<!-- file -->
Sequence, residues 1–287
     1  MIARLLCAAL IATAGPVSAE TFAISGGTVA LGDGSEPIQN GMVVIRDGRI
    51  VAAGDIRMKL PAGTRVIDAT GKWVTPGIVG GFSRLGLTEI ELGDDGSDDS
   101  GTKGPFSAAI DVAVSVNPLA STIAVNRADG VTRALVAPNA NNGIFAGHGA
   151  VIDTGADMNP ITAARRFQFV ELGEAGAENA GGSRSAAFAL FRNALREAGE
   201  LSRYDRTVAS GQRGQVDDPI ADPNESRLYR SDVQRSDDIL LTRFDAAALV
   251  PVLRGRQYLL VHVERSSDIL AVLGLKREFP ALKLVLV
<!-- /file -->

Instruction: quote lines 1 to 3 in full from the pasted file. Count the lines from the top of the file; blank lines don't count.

Sequence, residues 1–287
     1  MIARLLCAAL IATAGPVSAE TFAISGGTVA LGDGSEPIQN GMVVIRDGRI
    51  VAAGDIRMKL PAGTRVIDAT GKWVTPGIVG GFSRLGLTEI ELGDDGSDDS